Chris Laterzo – West Coast Sound
Yampa Records – 41685-2
If Chris Laterzo is trying to define a “West Coast Sound” here, it is a rootsy blend of rock, folk, Americana, and other earthy styles that brim with vibrant life. Jangly guitars with a potent rough-edge fueled by organic rhythm grooves create an excellent vehicle for a smooth drawling emotive vocal vibe. The stories appear to come from the heart and life experiences, further adding to the musical intrigue. So if this is representative of the “West Coast Sound,” what an intriguing and entertaining sound it is.
Ebony Jo-Ann – Please Save Your Love For Me
Both a highly respected vocalist and actress, this is a stunning collection split evenly among original and cover songs. Ebony has one of those intoxicating voices that can be bawdy one minute and sorrowfully emotive the next. Her vocal control could be described as subtle pyrotechnics as she doesn’t just sing the words; she deftly accents each one to make you really feel what she has to say. Backed by talented players, this is a must for anyone who loves R&B-tinged blues with beautifully intense vocals.
John Ludi – Obsolescence
A veteran musician who found himself wanting to finally record the ideas floating in the musical part of his brain, John Ludi obviously was holding back some serious talent and passion – enough to create two full CDs worth of music. This CD has a comforting but edgy retro feel, sort of in a Bowie-meets-The Police vein, particularly with his husky vocals that also have excellent range. There is further depth to the song, with some having a folky vibe while other tilt more towards alt rock and plenty of provocative lyrics. Definitely some ear-opening tunes here.
John Ludi – Rage
While I am not sure that I would say John is “raging” on this CD, there is a nicely subtle increased intensity. What was ethereal on “Obsolescence” now has a more up-tempo, organic bite. Check out the new-wave punk vibe evident in “Puppet,” one of the stronger songs that also shows further proof of John’s vocal depth. The lyrics do seem tinged a bit darker here, still thought-provoking and accented by the musical fuels. All I can say is, “John, why did you wait so long?”
Little Boys Blue – Bad Love
Tennessee can be a musical cross-breeding ground of country and blues and Little Boys Blue proves how well that mix can work. The blues feel tends to dominate but the country feel kicks in adding some twang to the guitar licks, lending a nice edge to the songs. Check out a song like “Death Letter Blues” and you can really hear what I am talking about. Robust, smoky vocals, rock solid rhythms, and a nice touch of Hammond B-3 make for some meaty, dynamic music.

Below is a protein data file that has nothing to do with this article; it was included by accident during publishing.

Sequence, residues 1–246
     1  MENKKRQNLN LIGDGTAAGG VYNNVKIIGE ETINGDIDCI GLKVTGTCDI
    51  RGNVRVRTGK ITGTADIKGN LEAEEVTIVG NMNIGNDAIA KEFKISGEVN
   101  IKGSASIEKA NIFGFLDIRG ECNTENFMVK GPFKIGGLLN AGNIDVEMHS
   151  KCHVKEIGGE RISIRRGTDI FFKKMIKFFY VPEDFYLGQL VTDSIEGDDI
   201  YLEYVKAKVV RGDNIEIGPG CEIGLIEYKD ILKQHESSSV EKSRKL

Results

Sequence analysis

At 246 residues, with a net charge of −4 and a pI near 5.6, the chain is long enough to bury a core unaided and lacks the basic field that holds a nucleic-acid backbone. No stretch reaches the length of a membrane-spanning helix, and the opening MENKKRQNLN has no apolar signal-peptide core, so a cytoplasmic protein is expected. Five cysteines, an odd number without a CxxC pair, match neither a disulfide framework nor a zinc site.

Tawny Ellis – Ghosts of the Low Country
The Muscle Shoals Sessions
The sixth recording from this Savannah, GA born country singer now living in L.A. is only a four song CD, but it is brimming with luscious vocal work and well-crafted music. Tawny seems to have deep country roots tilting towards the grand ladies, but has a modern sensibility to add just the right touch of hookiness, even on her outstanding take on the Patsy Cline classic “Walking After Midnight.” Recording the music at the legendary Fame Studios in Muscle Shoals, AL, she channels her inner country gal to wonderful effect.
Ted Russell Kamp – The Low And Lonesome Sound
Known originally as a session bassist working with the likes of Shooter Jennings, Wilson Phillips and Jessi Colter among others, Ted Russell Kamp backs his solo singer songwriting with bass plucking instead of guitar. Not only does this offer a unique perspective, but it allows his emotive, subtly potent vocals shine. You also get to experience his words first-hand and he proves to be a wonderful storyteller. A bit country, a touch blues, and a waft of Americana, this music is both refreshing and mesmerizing.
Them Travelin’ Birds – The Dreaming…It Was Colorful
Often eccentric and unafraid to push the envelope, the songwriting pair of Cassandra O’Connor and Tracy Hui whip up a frenzy stew of alt folk, new grass, blues boogie, and other organic stylings. The odd pairing of Cassandra’s bluesy vocal croon and Tracy’s growling rasp is highly flavorful. The lyrics are quirky and often wickedly humorous, and there is some seriously mean banjo plucking going on here. Sounds a bit like the Violent Femmes hanging out in deep Appalachia with…well, we won’t speculate. It also sounds deeply fresh and exhilarating, definitely worth a listen.
Tommy McCoy – 25 Year Retrospect
Earwig Music – Earwig CD 4971
If you are not familiar with hard working, hard playing blues master Tommy McCoy, there is no better way to get acquainted than with this excellent 2 CD set. Spanning his quarter century of turning his talents in songwriting, vocal work and guitar mastery loose, you have a veritable feast of blues styles here. From quietly painful ballads to snarling rockers and smoky back-alley gut-busters, you have plenty to savor.